New African Films Festival opens with Ejiofor’s latest, “Half of a Yellow Sun,” on Thursday -- Gazette.Net



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This story was corrected at 5 p.m. on March 13, 2014. An explanation follows the story.

Anyone who appreciated the Oscar-nominated performance of British actor Chiwetel Ejiofor in “12 Years a Slave” will soon also be able to see him in “Half of a Yellow Sun.”

New African Films Festival

When: March 13-20

Where: AFI Silver Theatre and Cultural Center, 8633 Colesville Road, Silver Spring

Tickets: $7-$12

For information: 301-495-6720; 301-495-6700 (recording); fi.com/silver

Filmed in Nigeria in 2013, it is based on a 2006 book of the same name by Chimamanda Ngozi Adichie. The movie is one of 18 entries in this year’s New African Films Festival.

Shot in countries all over the continent, the movies will be screened Thursday through March 20 at the AFI Silver Theatre and Cultural Center in Silver Spring.

Call for updated information about screenings.

“It’s definitely a window into the world of sub-Sahara Africa and the people living there today,” said AFI festival director Todd Hitchcock.

“That’s what international film festivals make possible for us,” he said.

Now in its 10th year, the festival is presented by the American Film Institute in Silver Spring and two Washington, D.C.-based organizations.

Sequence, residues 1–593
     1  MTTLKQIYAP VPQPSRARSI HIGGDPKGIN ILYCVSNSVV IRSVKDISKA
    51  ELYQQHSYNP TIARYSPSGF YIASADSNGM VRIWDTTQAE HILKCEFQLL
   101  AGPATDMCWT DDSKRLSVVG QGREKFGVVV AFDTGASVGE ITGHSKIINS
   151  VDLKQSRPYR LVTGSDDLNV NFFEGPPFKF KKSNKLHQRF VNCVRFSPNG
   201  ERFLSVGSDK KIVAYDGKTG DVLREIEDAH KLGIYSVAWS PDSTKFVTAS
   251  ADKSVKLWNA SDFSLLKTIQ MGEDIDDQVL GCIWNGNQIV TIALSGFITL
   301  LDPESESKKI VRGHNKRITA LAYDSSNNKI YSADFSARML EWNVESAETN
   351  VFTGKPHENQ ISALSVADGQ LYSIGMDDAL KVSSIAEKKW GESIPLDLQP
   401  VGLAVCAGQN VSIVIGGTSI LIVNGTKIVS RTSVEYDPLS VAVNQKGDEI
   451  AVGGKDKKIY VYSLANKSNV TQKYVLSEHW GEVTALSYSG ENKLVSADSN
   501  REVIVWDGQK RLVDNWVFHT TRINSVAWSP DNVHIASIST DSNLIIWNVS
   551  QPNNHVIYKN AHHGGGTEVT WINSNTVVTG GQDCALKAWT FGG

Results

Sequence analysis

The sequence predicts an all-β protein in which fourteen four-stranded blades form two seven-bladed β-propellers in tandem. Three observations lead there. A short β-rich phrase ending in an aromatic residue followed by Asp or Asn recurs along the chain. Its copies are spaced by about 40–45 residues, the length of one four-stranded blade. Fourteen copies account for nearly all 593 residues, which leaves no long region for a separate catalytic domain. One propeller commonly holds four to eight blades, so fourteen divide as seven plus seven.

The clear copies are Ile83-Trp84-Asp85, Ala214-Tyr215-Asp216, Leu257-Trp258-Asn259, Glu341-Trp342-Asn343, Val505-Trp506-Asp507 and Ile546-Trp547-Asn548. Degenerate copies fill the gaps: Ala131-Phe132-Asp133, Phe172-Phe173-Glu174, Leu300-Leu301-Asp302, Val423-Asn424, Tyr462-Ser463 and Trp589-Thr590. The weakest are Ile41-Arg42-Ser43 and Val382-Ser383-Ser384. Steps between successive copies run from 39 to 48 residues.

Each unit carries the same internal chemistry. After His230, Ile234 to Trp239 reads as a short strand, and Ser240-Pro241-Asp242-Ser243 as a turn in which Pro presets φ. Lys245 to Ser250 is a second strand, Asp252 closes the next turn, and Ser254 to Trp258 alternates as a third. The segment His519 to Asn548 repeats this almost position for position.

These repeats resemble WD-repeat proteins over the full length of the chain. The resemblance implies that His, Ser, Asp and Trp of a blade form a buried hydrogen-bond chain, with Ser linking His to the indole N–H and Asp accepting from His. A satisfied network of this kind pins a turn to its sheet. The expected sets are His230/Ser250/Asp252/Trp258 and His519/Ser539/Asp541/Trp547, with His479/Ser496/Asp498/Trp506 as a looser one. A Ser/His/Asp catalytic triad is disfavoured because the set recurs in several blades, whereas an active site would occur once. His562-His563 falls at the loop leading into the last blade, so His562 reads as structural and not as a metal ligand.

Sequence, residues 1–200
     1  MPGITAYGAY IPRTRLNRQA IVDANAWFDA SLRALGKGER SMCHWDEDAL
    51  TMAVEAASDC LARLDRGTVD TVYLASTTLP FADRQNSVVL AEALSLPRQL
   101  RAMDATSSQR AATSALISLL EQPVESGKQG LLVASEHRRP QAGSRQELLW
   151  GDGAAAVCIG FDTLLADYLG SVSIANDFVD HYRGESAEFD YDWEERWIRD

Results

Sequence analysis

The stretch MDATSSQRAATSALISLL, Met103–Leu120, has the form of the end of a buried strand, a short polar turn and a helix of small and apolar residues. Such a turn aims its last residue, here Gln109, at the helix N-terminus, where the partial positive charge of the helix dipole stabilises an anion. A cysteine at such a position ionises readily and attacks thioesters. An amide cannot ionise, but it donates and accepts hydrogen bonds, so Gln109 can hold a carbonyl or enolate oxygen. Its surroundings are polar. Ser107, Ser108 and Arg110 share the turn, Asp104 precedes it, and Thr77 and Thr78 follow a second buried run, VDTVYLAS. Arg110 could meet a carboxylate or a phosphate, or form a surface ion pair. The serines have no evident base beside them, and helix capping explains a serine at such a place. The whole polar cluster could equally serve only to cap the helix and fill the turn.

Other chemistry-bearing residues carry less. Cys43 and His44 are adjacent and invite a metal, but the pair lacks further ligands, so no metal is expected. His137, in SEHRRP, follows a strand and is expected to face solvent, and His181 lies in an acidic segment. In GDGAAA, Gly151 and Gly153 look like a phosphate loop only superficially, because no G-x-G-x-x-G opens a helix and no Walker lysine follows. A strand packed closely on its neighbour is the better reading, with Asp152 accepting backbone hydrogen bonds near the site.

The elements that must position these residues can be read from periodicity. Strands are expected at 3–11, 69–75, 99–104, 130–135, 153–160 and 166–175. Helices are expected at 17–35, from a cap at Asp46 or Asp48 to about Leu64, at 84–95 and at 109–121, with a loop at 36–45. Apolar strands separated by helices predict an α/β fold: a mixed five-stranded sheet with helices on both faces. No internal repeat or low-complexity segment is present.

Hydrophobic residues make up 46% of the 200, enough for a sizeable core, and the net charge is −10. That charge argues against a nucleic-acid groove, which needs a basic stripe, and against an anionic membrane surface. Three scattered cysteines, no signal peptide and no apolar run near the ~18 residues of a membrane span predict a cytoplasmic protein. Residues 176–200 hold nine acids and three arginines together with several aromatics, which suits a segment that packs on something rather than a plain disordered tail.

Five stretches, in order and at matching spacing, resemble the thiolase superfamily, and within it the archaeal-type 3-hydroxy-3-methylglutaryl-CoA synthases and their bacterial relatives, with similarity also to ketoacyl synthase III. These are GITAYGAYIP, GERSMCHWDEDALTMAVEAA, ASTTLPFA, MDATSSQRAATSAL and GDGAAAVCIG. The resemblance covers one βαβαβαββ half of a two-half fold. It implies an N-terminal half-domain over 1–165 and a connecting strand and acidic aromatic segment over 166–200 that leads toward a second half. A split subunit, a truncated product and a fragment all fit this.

One is TransAfrica, which educates the public about issues and cultures of Africans and the African diaspora, and the other is afrikafé, a regional networking group for Africans and friends of Africa.

Hitchcock said this year’s festival is the biggest, and probably the best, in its history.

“There are some terrific films and some high-profile titles. .... We’ve got the strongest line-up ever,” he said.

“Half of a Yellow Sun,” which opens the festival on March 13, is about two sisters living through the 1967-1970 Nigerian-Biafran war. One is Kainene (Anika Noni Rose) and the other is Olanna (Thandie Newton), who becomes involved with a professor named Odenigbo (Ejiofor).

Adichie, whose most recent book is “Americanah,” will be present between the movie’s two screenings on Sunday, March 16, for a Q&A and booksigning. The two screenings were sold out as of Wednesday, March 12.

Also featured in the festival is the Ethiopian movie “Difret,” which tells the story of a true ground-breaking court case in the mid-1990s in which a 14-year-old girl shot and killed an abductor practicing the centuries-old tradition of telefa.

Still seen in parts of rural Ethiopia, telefa allows a would-be husband to abduct, hide and rape a young woman until she becomes pregnant. As the future father, he can then negotiate with her family about marrying her.

The movie, which won audience awards at the Sundance and Berlin film festivals, was written and directed by filmmaker Zeresenay Berhane Mehari, who grew up in Ethiopia and now lives in Alexandria, Va., with his wife, Mehret Mandefro, who co-produced the movie.

Mehari said a chance meeting with the brother of the lawyer who defended the young woman led to the making of the movie.

“I’m always going back to Ethiopia looking for stories,” he said. “One foot is still there ... I’m a product of that culture.”

Actress Angelina Jolie also recently signed on as one of the executive producers of the film.